Modifying tRNAs: a key process to regulate brain development?

Modifying tRNAs: a key process to regulate brain development?

By Noor Al-Hajri

Dr. Juliette Godin, from the Institut de Génétique et de Biologie Moléculaire et Cellulaire (IGBMC), Strasbourg, gave a talk on the 2nd December 2021 as part of the 2020- 2021 “NEUReka!” seminar series.

NEUReka! seminar series
NEUReka! seminar series

Dr Godin’s research interest focuses on the importance of transfer RNA (tRNA) which are critical regulators of cell homeostasis in their function in mRNA translation. In recent years, tRNAs are emerging as a key determinant of corticogenesis, since defects in tRNA expression or function are strongly connected to neuronal damage. More than 2/3 of human diseases caused by these defects are neurodevelopmental diseases.

One of the focuses of Dr Godin’s research is on the tRNA Elongator complex. Dr Godin found this complex is associated with cortex development. Another area her research is focused on is the deaminase complex (ADAT2/ADAT3), in which ADAT2 has the catalytic activity and ADAT3 is the essential partner to recognize tRNAs. ADAT is an essential complex that modifies up to eight tRNAs and catalyses the adenine into inosine conversion.

Dr Godin’s talk started with a brief introduction about cortical development and what are the similarities between humans and mice. Both organisms have 6 cortical layers and their cortical development entails 3 major steps: neurogenesis, migration, and maturation. Impairment in any of these steps leads to neurodevelopmental disorders such as human cortical malformations, often linked to intellectual disability and epilepsy. Therefore, the control of each step is important for proper cortical formation.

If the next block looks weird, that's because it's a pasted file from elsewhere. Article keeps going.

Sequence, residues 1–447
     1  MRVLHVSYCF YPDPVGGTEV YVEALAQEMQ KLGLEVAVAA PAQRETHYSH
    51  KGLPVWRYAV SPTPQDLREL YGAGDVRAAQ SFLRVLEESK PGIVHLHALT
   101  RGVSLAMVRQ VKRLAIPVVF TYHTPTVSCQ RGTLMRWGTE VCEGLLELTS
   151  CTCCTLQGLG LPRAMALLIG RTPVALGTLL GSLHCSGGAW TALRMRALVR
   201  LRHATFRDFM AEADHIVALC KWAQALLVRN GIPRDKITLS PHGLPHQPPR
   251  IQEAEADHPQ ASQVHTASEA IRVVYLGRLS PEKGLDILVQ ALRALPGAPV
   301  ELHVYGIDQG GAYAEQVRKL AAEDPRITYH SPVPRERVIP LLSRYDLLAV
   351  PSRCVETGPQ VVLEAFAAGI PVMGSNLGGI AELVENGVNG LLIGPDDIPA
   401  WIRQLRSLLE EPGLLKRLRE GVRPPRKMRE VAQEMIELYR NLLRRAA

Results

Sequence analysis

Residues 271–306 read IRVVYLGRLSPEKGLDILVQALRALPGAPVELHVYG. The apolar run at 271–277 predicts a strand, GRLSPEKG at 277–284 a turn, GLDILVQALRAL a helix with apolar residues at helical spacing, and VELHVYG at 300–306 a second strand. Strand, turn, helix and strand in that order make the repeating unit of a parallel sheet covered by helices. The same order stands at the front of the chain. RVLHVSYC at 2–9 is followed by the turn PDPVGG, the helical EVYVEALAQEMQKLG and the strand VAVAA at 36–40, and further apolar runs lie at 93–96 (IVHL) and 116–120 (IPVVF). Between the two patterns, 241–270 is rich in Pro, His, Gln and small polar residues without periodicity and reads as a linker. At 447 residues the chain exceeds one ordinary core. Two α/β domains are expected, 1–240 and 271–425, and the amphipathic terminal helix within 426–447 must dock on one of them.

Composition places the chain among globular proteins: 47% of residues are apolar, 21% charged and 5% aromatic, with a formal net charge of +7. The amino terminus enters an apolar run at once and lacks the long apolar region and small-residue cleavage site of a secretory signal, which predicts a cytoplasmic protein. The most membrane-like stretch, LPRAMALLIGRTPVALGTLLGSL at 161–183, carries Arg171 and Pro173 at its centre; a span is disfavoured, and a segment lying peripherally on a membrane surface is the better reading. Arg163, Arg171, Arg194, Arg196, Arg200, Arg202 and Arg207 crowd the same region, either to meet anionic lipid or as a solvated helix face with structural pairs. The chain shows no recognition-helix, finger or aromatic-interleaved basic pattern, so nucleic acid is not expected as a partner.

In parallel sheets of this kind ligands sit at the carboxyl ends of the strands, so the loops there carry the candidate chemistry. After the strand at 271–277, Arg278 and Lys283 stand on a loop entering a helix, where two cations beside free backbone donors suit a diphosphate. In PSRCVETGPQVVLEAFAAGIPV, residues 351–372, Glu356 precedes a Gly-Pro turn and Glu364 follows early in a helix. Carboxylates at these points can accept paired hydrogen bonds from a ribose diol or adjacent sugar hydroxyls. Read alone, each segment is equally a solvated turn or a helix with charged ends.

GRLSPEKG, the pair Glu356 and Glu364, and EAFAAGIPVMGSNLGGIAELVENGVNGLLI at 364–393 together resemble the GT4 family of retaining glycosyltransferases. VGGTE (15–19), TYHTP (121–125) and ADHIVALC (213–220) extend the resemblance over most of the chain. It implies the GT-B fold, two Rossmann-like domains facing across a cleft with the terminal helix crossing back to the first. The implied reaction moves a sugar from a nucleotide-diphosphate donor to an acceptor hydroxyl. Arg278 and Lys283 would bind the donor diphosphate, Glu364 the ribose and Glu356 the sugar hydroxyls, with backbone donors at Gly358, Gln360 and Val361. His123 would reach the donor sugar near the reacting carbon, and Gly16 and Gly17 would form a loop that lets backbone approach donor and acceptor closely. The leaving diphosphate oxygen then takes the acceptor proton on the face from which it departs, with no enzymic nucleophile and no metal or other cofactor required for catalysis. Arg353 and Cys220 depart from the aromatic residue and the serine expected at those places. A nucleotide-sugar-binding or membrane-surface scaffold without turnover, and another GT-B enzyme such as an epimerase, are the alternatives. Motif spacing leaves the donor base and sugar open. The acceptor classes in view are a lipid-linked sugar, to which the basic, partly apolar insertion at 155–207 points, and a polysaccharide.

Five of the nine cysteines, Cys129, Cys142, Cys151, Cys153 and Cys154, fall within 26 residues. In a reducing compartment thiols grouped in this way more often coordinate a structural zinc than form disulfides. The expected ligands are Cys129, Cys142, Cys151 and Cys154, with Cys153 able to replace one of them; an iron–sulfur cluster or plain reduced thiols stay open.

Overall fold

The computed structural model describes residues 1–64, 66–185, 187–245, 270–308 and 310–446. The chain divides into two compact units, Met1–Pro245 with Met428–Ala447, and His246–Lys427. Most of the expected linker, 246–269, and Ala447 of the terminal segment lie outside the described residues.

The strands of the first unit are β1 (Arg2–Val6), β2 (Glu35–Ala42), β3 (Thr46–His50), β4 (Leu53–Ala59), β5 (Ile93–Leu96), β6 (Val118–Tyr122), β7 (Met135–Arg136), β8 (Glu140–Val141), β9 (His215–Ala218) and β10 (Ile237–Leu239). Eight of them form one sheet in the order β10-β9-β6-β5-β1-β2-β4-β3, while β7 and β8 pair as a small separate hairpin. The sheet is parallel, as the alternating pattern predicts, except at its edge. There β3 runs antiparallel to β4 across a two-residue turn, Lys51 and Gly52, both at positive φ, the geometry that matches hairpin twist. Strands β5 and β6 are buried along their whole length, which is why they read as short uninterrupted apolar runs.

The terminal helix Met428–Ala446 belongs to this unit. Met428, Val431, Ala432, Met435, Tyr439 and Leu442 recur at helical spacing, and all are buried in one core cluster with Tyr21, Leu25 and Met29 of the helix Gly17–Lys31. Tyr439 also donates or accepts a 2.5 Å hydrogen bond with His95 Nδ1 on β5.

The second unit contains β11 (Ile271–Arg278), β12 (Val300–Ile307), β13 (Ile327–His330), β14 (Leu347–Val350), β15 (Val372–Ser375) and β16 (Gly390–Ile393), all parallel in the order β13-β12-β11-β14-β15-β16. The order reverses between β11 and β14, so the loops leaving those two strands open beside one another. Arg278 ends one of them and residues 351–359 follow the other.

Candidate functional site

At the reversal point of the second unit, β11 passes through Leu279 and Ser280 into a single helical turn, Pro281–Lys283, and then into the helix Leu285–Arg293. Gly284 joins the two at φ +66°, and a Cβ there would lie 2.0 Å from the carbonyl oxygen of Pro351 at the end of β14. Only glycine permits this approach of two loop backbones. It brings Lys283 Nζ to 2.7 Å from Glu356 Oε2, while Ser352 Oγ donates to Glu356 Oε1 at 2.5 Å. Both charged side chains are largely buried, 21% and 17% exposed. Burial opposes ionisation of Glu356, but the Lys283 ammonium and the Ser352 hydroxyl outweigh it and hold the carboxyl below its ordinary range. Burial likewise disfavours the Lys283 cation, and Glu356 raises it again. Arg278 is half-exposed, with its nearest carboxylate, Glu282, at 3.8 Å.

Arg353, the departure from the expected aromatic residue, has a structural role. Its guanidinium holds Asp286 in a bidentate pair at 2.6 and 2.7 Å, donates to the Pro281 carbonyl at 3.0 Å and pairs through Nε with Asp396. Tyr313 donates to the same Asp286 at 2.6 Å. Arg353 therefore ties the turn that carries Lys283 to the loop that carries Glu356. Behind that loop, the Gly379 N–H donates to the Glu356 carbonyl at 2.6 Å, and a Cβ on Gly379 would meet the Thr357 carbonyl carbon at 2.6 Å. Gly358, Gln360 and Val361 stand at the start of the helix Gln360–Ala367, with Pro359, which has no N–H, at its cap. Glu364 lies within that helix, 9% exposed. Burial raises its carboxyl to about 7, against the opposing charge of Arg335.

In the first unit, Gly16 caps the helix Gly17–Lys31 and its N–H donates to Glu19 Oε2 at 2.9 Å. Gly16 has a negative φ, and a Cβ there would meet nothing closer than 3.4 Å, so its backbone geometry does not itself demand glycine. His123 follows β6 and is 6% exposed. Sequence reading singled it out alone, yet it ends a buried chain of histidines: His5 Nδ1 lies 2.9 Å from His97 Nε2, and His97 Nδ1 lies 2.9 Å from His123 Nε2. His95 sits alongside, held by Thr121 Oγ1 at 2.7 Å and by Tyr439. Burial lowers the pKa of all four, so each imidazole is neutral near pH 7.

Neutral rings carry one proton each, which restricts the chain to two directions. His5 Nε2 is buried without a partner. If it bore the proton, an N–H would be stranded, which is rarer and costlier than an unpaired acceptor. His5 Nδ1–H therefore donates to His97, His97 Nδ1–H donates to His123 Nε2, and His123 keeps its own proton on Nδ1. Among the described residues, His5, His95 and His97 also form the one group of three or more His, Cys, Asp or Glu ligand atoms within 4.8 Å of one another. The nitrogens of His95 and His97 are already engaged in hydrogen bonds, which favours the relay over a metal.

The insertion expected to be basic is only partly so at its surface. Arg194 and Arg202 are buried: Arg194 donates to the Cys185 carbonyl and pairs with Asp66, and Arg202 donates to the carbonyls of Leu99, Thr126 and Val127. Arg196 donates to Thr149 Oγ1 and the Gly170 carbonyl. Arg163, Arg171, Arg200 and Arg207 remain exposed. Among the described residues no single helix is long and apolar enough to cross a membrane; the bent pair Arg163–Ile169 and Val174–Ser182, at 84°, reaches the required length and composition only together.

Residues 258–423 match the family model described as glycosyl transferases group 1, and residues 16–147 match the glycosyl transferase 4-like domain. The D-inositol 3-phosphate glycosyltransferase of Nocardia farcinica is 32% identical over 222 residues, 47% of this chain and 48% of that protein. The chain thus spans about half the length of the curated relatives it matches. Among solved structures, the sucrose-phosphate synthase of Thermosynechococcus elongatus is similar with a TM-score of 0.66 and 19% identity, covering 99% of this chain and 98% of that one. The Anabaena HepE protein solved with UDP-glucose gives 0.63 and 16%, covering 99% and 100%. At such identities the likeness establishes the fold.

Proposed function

Dr Godin mentioned that although the genetic code is made of 61 codons, that code for the 20 amino acids, there are only 49 different anticodons in humans. This is due to the Wobble hypothesis that applies to most tRNAs.

In her work, the complex was knocked out in mice specifically in the forebrain, which resulted in microcephaly. At the cellular level, she found that there was a significant decrease in the proliferation of cortical progenitors. However, the number of apical progenitors of the ventricular zone didn’t change in the knockout mice. Intriguingly, there was a huge difference in the number of intermediate progenitors between the knockout and wild type mice. Notably, depletion of Elp3 caused a reduction in the number of immature intermediate progenitors (Pax6 and Tbr2).

Dr Godin also noticed that there is an impaired balance between indirect and direct neurogenesis. She checked for protein acetylation in the knockout mice but surprisingly did not observe any phenotype. However, thanks to mRNA sequencing she uncovered that depletion of Elp3 enhanced endoplasmic reticulum stress and unfolded protein response. This upregulated level was causing microcephaly.

In the search for what causes this upregulated unfolded protein response (UPR), Dr Godin turned to tRNA modifications. She’s shown that Elp3 depletion impairs specific modification of tRNAs that lead to increased pausing of ribosomes on specific codons. This is what was causing the protein misfolding and UPR.

Dr Godin finished the talk with the information that she has identified new variants in ADAT3 in patients with microcephaly. During her research, she has found that both neurogenesis and neuronal migration require the tRNA modification activity of the ADAT complex in mouse cortices. By using cell lines of patients with microcephaly, she has shown that both tRNA deamination and steady-state were affected in humans. This was achieved by using a newly established tRNA sequencing method in her lab.

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